Of course a sceptic might say the idea lacks novelty appeal. Both the theoreticians and practitioners of tyrannical states have been in favour of it for well over two millennia. Plato, for example, saw all children as nothing but the building blocks of the polis. To improve their ability to function in that capacity he suggested that they be taken away from their parents and raised as wards of the state.
But why go so far back? The Soviets with their young pioneers’ camps and the Nazis with their Hitlerjugend didn’t want to subcontract education to parents either. They wanted the little ones to learn what the state wanted them to learn, not the intellectual or, God forbid, religious rubbish they could get from their parents. Of course both the Soviets and the Nazis were socialists, and so is Mr Hollande but, not being a sceptic, I’m not going to draw spurious parallels.
So félicitations, Mr Hollande, for acting yet again in the spirit of fair play. But don’t rest on your laurels – the job is only half-done.
Educated parents won’t be able to help their tots with homework, fair enough. But they could still give their children good books to read, play real music for them to listen to or even defy laïcité and take children to a church – as opposed to a mosque, which would be progressive and commendable.
Such outrages must clearly be prevented, for otherwise fairness will be dealt a blow both domestically and internationally, with educated families fostering elitism and France gaining an unfair advantage vis-à-vis les rosbifs. That won’t do, will it?
To preempt such injustice, I humbly propose a few measures. Having learned about fair play from the experts, the British, I feel qualified to do so.
First, I’d nationalise all private libraries or, barring that, remove from them all books with any cultural or religious content, including the Bible. Then I’d confiscate all classical recordings and burn them, together with the books, in Place de la Concorde, where the guillotine used to be.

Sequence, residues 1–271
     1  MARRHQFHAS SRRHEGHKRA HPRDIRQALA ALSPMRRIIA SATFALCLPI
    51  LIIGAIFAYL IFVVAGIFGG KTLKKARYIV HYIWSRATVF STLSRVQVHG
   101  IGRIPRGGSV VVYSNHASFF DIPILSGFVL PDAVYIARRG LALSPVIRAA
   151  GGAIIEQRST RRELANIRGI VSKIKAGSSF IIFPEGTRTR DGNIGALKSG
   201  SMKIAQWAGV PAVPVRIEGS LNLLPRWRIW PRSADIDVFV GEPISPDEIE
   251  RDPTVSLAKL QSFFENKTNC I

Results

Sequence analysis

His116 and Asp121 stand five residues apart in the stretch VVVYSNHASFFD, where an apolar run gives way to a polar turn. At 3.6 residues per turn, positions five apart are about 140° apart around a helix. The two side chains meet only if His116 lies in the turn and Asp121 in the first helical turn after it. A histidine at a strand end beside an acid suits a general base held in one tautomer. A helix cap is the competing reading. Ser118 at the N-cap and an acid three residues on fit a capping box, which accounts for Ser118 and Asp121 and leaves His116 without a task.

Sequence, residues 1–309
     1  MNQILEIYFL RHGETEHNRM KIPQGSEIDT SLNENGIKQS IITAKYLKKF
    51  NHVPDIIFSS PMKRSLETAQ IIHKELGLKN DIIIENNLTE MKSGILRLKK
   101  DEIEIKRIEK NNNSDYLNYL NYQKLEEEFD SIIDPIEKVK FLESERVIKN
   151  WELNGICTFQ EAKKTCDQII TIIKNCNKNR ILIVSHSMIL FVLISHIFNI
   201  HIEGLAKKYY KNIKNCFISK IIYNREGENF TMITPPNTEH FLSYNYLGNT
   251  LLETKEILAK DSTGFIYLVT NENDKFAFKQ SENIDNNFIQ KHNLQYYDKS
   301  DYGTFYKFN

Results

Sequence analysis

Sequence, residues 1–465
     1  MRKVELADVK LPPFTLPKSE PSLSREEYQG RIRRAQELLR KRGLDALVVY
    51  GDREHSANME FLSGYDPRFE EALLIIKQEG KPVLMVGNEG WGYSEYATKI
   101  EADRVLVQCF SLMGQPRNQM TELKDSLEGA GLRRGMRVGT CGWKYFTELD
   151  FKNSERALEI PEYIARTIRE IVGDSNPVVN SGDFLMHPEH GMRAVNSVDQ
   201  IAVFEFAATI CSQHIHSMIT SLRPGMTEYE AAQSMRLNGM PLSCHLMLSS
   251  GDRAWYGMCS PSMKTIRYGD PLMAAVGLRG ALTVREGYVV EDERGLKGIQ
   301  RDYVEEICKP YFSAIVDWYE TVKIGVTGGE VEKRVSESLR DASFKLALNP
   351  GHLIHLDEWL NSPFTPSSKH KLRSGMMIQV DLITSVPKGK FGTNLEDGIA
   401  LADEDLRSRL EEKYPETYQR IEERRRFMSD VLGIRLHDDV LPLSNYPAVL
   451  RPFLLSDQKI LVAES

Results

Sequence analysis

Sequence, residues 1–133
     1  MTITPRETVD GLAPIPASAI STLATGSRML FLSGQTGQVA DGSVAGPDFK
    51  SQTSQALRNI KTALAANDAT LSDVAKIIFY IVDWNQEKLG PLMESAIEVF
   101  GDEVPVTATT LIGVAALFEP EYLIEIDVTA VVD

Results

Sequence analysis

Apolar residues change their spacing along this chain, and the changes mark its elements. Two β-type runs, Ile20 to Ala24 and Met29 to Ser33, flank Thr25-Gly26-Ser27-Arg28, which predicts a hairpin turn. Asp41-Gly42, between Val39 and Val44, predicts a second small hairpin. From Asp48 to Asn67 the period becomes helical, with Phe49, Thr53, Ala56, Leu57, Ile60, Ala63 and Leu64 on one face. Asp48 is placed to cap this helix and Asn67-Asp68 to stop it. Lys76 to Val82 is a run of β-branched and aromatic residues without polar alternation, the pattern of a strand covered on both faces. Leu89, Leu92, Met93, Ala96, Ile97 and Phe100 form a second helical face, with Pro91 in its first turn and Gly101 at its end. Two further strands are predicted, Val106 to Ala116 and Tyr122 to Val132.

Second, all educated parents must be made to drink at least 15 units of alcohol a day and have at least one hit of Class A drugs. This would make them equal to parents who went to the school of hard knockers followed by Screw U, not to L’Ecole d’Administration or L’Ecole Normale Superieur. Their children must also be encouraged to consume both alcohol, albeit in smaller volumes, and drugs, marijuana rather than crack.
Third, all children must be taught to report on their parents should the latter transgress. This will redirect their loyalty away from home and where it belongs: to the state.
If acted upon, these modest proposals will create a society according to the blueprint Messrs Hollande and Peillon see in their mind’s eye. ‘We want a society of justice, so we want to have schools that offer everyone the same chance of success,’ says the latter. Next to none, is what he means, and what could be fairer than that?
At last the Brits will be able to compete against the French on even terms. So I hope you’ll join me in offering a big merci to the French government. It’s on the right track, the fair one, the just one, the progressive one.